Adventures in Belize, Central America

Written in the 80's regarding my trip to Belize.

I was terminated from a job delivering sod with a flatbed trailer and forklift for not showing up on Saturdays.  I had some money saved so I looked around for someplace to go, I decided on the country of Belize.  Belize is a small nation of about 200,000 people lying on the Caribbean just south of Mexico and to the east of Guatemala. Its population is roughly 50% Black, 20% Creole with the remainder made up of Hispanics, Indians and Europeans with a few Arabs and Chinese thrown in for good measure.  It has a large number of islands and the worlds second largest barrier reef; 180 miles long and about 60 miles wide at its widest it was a British colony until 1982 when it achieved its independence.  Guatemala has from time to time claimed the country and English troops are stationed there to deter and invasion.

I took a plane to Miami and caught a flight to Belize.  The plane landed in the morning, I passed on the Army truck hauling people into town and took a cab, the driver telling me about the country and Belize City on the way in.  I asked him about where to find a cheap hotel room so he dropped me in the area.  I checked out one hotel but didn't like it and took the second. 

It was on North Front Street near the swing bridge, an upstairs hotel entered through a weed covered courtyard.  Chain link fence ran along part of the porch and there was a board with nails sticking through it along the perimeter of the roof to deter burglars from dropping down onto the porch.

I was shown a room by a an older Hispanic man who I later found was a former land owner from Cuba who had left at the time of Castro.  He deeply hated the Communists.  The room was small, you could only lay one way in it and fit, the door cleared the bed rail by a couple of inches.  There was a small chest of drawers and one window that looked out onto the porch.  Not much but it was the right price; $35BZ per week, $17.50US, I went an extra $2.50BZ per week for a small electric fan.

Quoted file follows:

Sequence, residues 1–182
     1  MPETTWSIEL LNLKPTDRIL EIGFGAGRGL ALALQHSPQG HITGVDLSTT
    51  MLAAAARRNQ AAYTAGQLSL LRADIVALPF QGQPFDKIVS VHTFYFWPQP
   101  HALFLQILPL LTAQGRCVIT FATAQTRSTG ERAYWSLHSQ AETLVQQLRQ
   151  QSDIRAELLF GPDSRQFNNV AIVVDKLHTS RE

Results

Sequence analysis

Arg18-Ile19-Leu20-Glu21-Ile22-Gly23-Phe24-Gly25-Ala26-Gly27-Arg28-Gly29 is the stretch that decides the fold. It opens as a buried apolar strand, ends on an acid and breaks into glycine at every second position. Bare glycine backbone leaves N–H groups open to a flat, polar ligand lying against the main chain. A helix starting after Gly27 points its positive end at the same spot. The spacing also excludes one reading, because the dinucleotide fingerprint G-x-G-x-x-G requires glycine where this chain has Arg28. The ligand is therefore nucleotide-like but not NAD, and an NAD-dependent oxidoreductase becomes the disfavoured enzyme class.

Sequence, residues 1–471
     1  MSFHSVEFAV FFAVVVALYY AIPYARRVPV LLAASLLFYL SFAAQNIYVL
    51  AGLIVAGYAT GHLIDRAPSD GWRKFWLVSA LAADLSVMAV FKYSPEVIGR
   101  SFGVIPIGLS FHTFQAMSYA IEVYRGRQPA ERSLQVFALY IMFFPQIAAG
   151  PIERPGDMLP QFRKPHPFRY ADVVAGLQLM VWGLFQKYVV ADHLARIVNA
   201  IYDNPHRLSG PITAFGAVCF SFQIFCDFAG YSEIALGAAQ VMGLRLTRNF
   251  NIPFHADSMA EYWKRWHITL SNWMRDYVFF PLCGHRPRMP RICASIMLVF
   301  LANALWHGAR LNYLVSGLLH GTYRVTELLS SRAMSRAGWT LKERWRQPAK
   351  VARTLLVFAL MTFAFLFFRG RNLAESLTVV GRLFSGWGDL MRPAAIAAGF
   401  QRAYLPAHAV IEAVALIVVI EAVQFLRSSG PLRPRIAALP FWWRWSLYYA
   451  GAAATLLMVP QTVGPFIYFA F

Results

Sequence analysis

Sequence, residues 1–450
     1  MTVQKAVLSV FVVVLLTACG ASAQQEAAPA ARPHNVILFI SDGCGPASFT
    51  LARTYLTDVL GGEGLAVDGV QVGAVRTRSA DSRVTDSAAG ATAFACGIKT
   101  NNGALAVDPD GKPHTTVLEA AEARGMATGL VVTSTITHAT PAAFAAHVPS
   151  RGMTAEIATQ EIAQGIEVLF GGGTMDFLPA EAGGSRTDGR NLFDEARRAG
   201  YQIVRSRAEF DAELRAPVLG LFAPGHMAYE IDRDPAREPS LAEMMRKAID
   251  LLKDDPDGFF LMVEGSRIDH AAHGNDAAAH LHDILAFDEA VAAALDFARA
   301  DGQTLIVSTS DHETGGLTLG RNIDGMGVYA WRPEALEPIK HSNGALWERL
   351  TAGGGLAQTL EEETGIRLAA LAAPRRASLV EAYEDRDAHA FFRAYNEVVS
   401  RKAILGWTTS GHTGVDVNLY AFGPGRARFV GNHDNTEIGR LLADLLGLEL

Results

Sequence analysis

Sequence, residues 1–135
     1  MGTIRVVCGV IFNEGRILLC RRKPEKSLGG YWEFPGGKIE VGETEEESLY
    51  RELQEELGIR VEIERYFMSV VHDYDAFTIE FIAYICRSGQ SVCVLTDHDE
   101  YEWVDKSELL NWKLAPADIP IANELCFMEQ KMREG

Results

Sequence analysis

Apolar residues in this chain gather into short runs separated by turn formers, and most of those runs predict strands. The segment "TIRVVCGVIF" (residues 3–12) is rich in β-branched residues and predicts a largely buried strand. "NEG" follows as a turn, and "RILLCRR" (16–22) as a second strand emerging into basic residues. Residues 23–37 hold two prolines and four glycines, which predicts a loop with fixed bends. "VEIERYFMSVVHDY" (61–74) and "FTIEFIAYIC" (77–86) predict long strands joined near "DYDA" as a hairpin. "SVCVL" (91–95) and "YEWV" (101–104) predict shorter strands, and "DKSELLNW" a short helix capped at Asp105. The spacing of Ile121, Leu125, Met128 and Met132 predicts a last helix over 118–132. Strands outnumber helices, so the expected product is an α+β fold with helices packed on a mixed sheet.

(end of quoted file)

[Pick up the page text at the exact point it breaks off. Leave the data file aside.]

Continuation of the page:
I stashed my gear and crossed the swing bridge and wandered around the town.  Within an hour I had been approached by several of the street procurers who offered me just about anything you can think of.  They would find you a hotel room, show you around town, show you the bars, get you a good looking girl, one even said a virgin, get you drugs or whatever you wanted.  The cab driver had told me about them saying that some were good and some were not so good and would tell their friends where you were staying and if you had anything valuable. 

I ate an afternoon meal of french fries in a restaurant owned by an older woman, an American expatriate, and watched a procession of afternoon visitors in "Mama B's".  I asked someone about the nearest bar and it was just across the street.  It was an upstairs bar in a wood frame building with a L shaped bar and a few booths and tables.  I was the only white man in the bar and someone said,

"No white men allowed." 

The bartender  motioned me to come on in and told me to ignore him.  He said I could drink there without bother unless I was looking for trouble, I assured him I was not.  He mentioned that it might be best if I didn't come in on Friday night and I took his advice. 

I struck up a conversation with a black guy next to me.  He offered to tell me about the city if I would buy him a drink.  I bought a couple of rounds and he answered my questions and offered to take me to a few bars that night if I would buy the drinks.  He said he was a good bodyguard as he had trained as a boxer, the bartender laughed and said something about his drinking being better than his boxing. 

When he went to the bathroom I asked about him and the bartender shrugged and said he was alright and had been around for a while. When he returned I made a deal to meet me that night to go drinking.